It seems like a good time to get back to the other side of this blog: writing about daily life and experiencing Korean culture...
Rochelle and I went to a DVD bang near Konkuk University. We'd just finished attending my colleague's wedding and it'd come time to figure out what to do next. Rochelle remembered something I'd mentioned on one of our first dates: going to a DVD bang to see a movie. This seemed a capital idea, for we hadn't been to one yet and they're a big part of Korean youth culture. Besides, we love our movies and have been accumulating a list of things to see together.
Bang is pronounced "baang," as in "baa" with the added "ng" sound, so it's not pronounced like the sound a gun makes. As noted before, "bang" is Korean for "room with a specific purpose." I wrote about the noraebangs here and here and DVD bangs are similar: you get a private room to watch a movie in instead of a room to sing songs in. It's basically a video store with mini-movie theaters in it: we walked in, browsed the shelves, found our movie, and away we went. Our room had a giant half bed/half chaise lounge kind of sofa in it that was, as Rochelle put it,"very comfortable," and it had a big projection screen. Once the lights went out, we had our private theater for watching Once Upon a Time in Mexico.
This informative page has detailed information about the experience. As I said, like the PC bangs and noraebangs, the DVD bangs represent big aspects of Korean youth culture because they're meeting places for friends or dating venues for couples. As Kimchi Soul blog writes,
...here you have a private room in which you can watch a film of your choice, and a space in which to enjoy it in whichever way you choose- uninterrupted and unquestioned.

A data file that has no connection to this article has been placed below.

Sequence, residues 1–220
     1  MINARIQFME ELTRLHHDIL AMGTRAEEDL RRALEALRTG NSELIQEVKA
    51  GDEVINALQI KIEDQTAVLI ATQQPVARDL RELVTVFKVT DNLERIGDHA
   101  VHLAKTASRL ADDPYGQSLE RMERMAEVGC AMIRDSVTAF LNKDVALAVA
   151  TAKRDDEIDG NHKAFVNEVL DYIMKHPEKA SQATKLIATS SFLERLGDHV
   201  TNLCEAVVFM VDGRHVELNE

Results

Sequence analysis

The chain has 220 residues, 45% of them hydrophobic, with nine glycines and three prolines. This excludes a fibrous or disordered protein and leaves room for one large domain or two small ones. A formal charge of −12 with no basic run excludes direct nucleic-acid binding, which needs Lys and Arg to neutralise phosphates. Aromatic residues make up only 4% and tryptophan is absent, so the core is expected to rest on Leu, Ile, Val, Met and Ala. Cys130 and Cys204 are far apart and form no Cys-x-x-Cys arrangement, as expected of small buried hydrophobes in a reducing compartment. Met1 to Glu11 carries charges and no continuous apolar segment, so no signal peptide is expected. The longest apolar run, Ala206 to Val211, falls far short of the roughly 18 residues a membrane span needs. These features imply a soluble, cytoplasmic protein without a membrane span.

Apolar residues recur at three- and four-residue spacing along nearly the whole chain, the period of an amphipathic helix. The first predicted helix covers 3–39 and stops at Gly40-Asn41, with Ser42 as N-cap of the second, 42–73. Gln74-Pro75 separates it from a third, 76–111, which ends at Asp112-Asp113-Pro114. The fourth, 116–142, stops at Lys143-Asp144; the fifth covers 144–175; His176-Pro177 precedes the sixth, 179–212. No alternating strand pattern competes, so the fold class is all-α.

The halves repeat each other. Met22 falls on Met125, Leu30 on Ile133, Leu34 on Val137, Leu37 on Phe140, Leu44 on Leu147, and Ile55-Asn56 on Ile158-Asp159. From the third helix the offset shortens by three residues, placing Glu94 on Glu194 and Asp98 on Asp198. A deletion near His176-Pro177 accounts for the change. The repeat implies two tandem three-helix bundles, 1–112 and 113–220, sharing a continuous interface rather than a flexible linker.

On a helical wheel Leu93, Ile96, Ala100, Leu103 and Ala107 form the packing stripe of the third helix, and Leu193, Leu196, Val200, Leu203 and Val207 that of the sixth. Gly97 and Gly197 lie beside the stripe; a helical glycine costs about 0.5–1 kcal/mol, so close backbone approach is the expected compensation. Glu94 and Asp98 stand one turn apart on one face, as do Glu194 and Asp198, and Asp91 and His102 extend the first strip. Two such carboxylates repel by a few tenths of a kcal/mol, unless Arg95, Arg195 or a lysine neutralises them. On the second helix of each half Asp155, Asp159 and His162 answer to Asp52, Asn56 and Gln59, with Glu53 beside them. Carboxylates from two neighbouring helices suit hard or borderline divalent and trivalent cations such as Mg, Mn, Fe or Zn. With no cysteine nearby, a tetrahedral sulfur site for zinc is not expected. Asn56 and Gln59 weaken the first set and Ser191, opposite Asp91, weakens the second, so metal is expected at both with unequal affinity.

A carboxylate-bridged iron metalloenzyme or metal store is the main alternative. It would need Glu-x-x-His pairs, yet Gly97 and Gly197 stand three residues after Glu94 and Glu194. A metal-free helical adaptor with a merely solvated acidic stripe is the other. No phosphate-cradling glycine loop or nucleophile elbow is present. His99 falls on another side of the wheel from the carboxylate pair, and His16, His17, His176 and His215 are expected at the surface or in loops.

Kimchi Soul has it right here. Young people mostly live at home with their parents and it follows that young couples have few options for meeting in private. For those of us from the States, just imagine that it's like being in high school and your parents won't let you bring your girlfriend over to watch a movie while they're away. With all in mind, we had a great time. After a year and three months in-country, we were well aware of what DVD bangs represented for young couples, but we went there to actually watch a film because neither of us own big-screen TVs.
To me, DVD rooms combine the best aspects of movie theaters and home theaters. Moreover, that sofa sure felt good to lounge on too. We had such a good time that we went back in for another movie. This time we picked Gran Torino. These two excellent films coupled with checking out a new aspect of Korean culture equaled one excellent afternoon/evening.
If you're in Korea and haven't gone to a DVD room, check it out.
As I mentioned, we found our DVD bang not far from Konkuk University station on line 2. If you go out of exit 2 and immediately turn left, you'll find yourself in a typical college neighborhood of cafes, noraebangs, and DVD bangs. We paid 15,000 (7,500 each) for one movie and 12 or 13,000 for the second one because the lady gave us a discount.
You can find them all over Seoul, but the college areas would be best places to look. I don't know too much about prices.
*Truth be told, I haven't written too much about this stuff because not many new things have happened lately. Maybe that's what happens after living here for a time: once-new and interesting things become normal. I won't say "boring" because I'm rarely, if ever bored here.
**This applies more to couples than anything because noraebangs are hugely popular among groups of Koreans and ex-pats; many of my teachers dinners have featured a noraebang session.